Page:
JoVE 10186

Source: Laboratories of Dr. Ian Pepper and Dr. Charles Gerba - Arizona University
Demonstrating Author: Bradley Schmitz


Quantitative polymerase chain reaction (qPCR), also known as real-time PCR, is a widely-used molecular technique for enumerating microorganisms in the environment. Prior to this approach, quantifying microorganisms…

 Environmental Microbiology

VirWaTest, A Point-of-Use Method for the Detection of Viruses in Water Samples

1Laboratory of Viruses Contaminants of Water and Food (VIRCONT), Department of Genetics, Microbiology and Statistics, Section of Microbiology, Virology and Biotechnology, University of Barcelona, 2Grupo de Investigación Biodiversidad, Medio Ambiente y Salud (BIOMAS), Facultad de Ingenierías y Ciencias Agropecuarias (FICA), Ingeniería en Biotecnología, Universidad de las Américas, 3Municipal Laboratory - Waters of Mataró, 4GenIUL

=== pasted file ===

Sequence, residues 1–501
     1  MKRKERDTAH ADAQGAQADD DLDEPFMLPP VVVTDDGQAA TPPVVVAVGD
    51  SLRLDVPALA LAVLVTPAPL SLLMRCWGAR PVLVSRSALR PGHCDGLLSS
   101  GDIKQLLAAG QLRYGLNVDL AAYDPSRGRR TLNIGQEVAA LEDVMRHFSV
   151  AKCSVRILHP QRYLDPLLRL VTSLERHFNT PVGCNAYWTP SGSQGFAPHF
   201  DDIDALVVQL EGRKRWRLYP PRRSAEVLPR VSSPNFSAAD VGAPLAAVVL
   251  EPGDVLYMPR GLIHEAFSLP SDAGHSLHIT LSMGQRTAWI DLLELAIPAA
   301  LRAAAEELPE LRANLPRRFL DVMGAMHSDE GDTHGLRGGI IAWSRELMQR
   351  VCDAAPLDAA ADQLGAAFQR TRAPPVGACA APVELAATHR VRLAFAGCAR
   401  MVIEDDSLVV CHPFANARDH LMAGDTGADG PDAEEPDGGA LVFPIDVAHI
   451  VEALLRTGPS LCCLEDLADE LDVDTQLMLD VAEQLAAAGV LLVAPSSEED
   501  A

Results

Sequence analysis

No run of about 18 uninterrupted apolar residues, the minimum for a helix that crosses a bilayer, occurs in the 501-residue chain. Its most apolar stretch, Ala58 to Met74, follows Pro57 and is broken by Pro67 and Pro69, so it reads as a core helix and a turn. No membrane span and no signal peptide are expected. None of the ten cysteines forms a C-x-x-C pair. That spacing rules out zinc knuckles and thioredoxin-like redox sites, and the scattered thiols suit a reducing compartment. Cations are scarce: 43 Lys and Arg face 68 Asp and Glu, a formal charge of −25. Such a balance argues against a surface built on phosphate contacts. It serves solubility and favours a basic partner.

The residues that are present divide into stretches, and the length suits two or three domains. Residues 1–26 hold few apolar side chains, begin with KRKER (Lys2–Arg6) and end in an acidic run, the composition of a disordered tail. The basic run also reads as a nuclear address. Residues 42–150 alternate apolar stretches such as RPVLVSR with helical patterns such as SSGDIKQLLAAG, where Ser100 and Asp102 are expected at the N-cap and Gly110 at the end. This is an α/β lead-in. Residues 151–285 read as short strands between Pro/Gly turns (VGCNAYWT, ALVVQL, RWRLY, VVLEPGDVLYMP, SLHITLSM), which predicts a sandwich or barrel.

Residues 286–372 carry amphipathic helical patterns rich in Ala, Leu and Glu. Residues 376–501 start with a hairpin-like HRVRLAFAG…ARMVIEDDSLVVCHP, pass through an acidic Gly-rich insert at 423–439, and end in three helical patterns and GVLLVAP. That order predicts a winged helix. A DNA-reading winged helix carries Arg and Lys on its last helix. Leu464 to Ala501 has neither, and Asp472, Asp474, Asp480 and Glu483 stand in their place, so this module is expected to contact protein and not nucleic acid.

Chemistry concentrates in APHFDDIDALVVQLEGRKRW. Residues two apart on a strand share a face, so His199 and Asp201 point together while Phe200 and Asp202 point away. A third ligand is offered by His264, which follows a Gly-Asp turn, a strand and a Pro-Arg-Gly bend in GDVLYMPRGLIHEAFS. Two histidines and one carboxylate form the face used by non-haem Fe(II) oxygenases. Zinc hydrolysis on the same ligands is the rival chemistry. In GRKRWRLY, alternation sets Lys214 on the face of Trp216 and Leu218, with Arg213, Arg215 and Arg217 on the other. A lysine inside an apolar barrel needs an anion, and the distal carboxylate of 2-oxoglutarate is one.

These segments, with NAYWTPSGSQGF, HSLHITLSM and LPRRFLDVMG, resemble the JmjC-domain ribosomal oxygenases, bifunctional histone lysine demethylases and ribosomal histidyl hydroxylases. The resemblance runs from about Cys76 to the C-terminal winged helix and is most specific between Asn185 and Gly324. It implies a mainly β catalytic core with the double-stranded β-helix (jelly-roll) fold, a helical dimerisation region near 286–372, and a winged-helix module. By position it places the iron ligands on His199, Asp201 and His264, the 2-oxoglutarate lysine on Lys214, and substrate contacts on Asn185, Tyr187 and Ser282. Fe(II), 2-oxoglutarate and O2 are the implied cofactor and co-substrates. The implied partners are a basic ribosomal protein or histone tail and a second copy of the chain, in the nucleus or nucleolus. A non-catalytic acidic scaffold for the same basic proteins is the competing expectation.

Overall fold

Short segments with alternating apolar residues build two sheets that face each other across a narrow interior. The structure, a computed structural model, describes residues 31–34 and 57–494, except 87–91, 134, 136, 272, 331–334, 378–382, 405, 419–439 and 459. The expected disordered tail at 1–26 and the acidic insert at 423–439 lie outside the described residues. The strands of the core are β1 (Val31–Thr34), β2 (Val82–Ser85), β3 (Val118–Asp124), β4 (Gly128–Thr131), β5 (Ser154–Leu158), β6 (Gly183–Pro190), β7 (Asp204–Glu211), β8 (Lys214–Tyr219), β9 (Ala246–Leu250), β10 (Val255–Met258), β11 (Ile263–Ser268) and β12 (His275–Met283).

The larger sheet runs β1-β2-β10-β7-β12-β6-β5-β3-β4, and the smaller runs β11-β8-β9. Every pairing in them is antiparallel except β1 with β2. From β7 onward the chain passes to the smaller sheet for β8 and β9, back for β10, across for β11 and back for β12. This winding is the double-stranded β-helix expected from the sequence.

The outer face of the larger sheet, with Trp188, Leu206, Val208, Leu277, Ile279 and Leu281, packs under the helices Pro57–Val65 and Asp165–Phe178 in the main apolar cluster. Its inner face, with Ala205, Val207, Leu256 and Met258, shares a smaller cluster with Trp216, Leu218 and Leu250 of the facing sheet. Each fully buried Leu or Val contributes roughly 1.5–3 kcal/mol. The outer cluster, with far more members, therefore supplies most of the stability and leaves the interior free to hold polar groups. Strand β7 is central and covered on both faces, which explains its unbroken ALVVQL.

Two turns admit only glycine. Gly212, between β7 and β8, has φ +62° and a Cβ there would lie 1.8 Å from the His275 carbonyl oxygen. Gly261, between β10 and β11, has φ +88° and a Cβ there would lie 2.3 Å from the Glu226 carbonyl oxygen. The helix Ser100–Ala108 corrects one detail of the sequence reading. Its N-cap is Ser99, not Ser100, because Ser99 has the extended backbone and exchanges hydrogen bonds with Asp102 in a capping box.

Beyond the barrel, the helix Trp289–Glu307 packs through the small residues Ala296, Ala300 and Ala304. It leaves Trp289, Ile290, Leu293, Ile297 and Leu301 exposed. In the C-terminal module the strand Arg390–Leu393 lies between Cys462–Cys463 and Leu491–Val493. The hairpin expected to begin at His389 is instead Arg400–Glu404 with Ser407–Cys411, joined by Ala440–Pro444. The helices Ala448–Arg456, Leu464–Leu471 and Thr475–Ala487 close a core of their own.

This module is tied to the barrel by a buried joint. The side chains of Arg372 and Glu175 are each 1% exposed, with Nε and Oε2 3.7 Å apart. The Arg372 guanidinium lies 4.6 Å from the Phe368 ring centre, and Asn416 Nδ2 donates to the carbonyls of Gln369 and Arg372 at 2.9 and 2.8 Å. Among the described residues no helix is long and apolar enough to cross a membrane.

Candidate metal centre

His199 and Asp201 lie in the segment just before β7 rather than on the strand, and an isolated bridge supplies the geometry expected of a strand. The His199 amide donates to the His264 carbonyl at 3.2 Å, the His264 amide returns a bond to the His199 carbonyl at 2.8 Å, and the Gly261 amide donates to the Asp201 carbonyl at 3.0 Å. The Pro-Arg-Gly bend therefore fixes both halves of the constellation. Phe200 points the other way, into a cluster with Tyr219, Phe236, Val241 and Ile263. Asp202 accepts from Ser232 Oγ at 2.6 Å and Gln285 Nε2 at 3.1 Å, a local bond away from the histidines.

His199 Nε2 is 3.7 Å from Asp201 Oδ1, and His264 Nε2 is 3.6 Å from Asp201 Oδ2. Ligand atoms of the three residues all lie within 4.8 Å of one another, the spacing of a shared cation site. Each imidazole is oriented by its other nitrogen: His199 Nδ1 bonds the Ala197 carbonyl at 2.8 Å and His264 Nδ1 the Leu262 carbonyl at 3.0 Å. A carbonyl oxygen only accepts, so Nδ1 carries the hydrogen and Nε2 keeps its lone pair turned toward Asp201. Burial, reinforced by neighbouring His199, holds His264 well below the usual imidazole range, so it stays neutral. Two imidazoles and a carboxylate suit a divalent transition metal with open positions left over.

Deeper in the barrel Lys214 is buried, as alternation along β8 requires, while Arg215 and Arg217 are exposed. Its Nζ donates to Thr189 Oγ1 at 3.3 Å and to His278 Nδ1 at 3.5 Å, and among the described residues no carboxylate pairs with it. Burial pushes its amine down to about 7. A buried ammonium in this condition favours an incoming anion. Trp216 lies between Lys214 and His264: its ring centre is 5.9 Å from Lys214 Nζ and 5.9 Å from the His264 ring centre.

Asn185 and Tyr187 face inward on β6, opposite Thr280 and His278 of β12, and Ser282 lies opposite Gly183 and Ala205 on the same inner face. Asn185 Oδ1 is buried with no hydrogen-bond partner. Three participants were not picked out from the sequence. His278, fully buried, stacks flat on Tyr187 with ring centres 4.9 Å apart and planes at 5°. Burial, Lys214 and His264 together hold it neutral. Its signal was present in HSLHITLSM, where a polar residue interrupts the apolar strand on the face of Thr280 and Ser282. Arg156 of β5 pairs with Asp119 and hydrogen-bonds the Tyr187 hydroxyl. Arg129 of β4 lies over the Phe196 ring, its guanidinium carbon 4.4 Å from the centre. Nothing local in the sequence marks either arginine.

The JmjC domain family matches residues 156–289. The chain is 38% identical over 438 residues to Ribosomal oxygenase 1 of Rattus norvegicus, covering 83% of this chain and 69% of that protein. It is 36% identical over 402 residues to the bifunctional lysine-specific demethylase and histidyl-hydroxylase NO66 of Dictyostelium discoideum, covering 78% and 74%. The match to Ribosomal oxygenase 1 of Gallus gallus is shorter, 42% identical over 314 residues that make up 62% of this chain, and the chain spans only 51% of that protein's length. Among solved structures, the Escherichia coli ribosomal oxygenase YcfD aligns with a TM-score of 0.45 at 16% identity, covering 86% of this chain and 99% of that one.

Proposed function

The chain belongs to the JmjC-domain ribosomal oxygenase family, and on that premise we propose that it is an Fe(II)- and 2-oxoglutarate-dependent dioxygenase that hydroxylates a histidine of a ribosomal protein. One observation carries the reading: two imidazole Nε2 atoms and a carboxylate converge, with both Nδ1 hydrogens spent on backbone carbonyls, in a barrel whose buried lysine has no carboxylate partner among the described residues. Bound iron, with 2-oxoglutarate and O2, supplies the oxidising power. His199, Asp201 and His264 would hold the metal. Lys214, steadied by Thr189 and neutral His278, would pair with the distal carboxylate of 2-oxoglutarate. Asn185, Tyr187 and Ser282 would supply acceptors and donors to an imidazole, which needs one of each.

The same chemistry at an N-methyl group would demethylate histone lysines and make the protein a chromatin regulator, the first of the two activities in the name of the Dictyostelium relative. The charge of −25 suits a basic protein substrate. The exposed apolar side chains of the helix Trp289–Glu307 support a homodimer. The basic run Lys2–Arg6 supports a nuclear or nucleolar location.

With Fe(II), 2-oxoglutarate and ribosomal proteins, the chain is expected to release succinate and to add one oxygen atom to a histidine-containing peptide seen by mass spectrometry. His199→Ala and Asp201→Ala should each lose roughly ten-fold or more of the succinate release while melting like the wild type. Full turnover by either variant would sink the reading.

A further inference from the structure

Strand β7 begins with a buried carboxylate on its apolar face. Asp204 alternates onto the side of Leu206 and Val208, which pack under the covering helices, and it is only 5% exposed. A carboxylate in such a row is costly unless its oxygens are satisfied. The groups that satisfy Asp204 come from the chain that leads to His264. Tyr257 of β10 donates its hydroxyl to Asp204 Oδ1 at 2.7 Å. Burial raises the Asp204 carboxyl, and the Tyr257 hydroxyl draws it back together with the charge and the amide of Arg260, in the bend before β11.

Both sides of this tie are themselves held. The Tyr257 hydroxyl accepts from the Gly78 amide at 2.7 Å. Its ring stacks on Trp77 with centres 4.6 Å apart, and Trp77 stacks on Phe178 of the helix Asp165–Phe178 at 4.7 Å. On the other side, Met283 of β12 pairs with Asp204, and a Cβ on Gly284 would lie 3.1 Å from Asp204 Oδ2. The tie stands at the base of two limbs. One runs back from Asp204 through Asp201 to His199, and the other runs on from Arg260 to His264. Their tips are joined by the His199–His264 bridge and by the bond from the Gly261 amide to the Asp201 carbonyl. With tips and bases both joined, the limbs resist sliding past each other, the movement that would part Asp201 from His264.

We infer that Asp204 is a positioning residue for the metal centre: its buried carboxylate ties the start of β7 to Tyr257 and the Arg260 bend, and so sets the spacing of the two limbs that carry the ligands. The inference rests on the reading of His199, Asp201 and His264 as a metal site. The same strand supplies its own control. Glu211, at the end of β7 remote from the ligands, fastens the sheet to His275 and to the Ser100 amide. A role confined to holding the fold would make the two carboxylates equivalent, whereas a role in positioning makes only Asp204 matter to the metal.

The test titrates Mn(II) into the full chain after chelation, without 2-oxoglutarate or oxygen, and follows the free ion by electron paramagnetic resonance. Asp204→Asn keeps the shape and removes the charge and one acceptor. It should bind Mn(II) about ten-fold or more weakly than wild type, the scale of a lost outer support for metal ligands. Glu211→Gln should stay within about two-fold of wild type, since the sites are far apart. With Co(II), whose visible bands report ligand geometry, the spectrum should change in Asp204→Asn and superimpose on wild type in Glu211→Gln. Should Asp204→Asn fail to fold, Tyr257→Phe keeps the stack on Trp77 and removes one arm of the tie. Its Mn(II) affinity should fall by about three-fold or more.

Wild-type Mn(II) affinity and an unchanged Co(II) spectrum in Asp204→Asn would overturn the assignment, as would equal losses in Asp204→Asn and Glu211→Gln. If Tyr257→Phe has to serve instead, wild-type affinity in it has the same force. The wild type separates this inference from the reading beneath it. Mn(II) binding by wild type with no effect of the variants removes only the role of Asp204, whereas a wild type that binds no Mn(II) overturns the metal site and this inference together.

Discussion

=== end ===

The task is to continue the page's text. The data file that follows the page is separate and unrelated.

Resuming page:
JoVE 59463

 Immunology and Infection

Viral Structure

JoVE 10822

Viruses are extraordinarily diverse in shape and size, but they all have several structural features in common. All viruses have a core that contains a DNA- or RNA-based genome. The core is surrounded by a protective coat of proteins called the capsid. The capsid is composed of subunits called capsomeres. The capsid and genome-containing core are together known as the nucleocapsid.